When a horse loses by 10 lengths going 5 furlongs, does that mean he ran 2 seconds slower than the winner, the same as when a horse loses by 10 lengths going a mile and an eighth? Even though they are subjective lengths, it takes a lot longer for a horse to cover 10 lengths go further. And what if the horse is really tiring or coming on strong?

I want to know the final time of every horse so I can determine the lengths lost myself, and since I'm a speed handicapper, it would be nice to know the exact times I'm dealing with.

I can live with guesstimations when it comes to lengths beaten at every other call, but not the finish.


This is a no brainer. The chart maker simply jots down the wind speed every race. And that wind speed should show up in the past performances. They somehow have the technology to do this for quarter horses, so I know it exists.

This is important because when the wind gets up over 20 mph in a race, it definitely can create a bias. Horses with the wind at their back in the stretch have an advantage if they are closing and have more energy in reserve, while horses on the lead have an advantage if entering the stretch against a strong headwind.

A simple notation like 25b or 25h means that it is either a backstretch wind or a homestretch wind of 25 mph.


Steve Klein, in his book The Power Of Early Speed came up with a universal way to quickly come up with a relative speed bias number. It isn't rocket science.

Without giving it totally away, it has to do with the first call positions of most winners on a daily card, and then averaging them out, giving certain weights depending on the starting position.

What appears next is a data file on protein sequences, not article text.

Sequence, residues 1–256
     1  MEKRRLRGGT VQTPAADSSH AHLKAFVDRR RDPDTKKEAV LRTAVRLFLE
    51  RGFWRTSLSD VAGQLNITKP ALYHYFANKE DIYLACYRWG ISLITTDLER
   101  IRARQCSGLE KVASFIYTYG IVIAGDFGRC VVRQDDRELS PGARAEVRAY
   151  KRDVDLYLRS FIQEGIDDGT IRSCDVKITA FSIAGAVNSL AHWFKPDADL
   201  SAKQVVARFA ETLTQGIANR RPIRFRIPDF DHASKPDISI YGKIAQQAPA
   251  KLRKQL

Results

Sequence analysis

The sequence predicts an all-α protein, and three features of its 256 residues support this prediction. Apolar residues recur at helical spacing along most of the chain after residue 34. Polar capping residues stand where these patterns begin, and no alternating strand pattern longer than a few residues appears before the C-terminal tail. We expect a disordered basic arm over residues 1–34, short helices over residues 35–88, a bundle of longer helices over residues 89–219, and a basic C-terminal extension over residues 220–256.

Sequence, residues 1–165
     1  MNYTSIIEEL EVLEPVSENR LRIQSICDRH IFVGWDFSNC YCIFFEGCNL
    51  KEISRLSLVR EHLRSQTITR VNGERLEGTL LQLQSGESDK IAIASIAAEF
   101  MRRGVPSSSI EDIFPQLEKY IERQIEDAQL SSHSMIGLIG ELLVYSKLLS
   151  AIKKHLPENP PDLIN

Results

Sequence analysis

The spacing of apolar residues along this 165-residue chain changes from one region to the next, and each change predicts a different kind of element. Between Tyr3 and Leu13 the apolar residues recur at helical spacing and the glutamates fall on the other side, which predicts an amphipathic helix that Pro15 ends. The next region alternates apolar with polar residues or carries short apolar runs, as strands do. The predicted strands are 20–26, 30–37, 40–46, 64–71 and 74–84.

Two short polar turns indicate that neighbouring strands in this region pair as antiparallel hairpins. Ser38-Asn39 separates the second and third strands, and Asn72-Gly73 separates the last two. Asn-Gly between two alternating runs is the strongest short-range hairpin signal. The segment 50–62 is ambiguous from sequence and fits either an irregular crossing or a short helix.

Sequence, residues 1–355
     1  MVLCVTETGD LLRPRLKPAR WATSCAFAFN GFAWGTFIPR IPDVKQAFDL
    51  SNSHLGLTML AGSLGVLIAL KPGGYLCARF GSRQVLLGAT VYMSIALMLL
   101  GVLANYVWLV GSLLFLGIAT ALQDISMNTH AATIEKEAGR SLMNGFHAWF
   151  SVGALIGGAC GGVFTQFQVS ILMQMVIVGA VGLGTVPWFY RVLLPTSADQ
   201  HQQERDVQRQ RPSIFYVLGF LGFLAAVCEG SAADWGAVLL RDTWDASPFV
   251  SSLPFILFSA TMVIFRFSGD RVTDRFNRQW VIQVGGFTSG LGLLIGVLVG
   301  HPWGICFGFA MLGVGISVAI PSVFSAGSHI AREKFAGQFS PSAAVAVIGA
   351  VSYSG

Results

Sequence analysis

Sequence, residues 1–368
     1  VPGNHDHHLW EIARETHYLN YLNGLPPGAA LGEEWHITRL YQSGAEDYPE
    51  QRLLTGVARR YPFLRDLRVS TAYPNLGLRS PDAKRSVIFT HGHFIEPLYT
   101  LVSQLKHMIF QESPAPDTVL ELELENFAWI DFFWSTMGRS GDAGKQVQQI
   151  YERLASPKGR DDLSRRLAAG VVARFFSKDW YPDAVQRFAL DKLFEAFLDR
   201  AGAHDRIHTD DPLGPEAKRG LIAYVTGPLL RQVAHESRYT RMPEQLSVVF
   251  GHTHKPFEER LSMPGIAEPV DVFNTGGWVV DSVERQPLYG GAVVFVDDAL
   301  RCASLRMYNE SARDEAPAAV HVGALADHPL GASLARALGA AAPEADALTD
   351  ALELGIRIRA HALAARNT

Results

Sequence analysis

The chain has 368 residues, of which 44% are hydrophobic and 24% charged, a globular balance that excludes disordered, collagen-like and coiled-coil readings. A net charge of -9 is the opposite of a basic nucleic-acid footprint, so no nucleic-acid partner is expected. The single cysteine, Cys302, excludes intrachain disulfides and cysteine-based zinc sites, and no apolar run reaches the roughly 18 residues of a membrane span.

I do think it can be done more effectively by incorporating the top two finishers and the favorite, but the principles will remain the same, and it could be calculated by a computer program in a nanosecond (or whatever the term is for almost no time).

The number can be scaled to be out of 100, where the higher the number, the more likely a speed horse lasted.

Wouldn't it be nice if one could look at the past performances and see that a horse was in the back of the field on a day that had a 72 speed bias rating?


The same way a speed bias can be quickly be determined, a rail/outside bias can also be determined.

Use the first two finishers and the favorite (if not in the first two finishers) and plot where they were most of the race. Anything 2.5 path or greater is consider outside, and anything less than 2.5 path is considered rail/inside.

Again, an average base on the results of the day is made, and a number out of 100 is placed on the running line of each horse's past performances. A 22, for example, would mean a good outside, bad rail, while a 60 would mean a good rail, and a bad outside bias.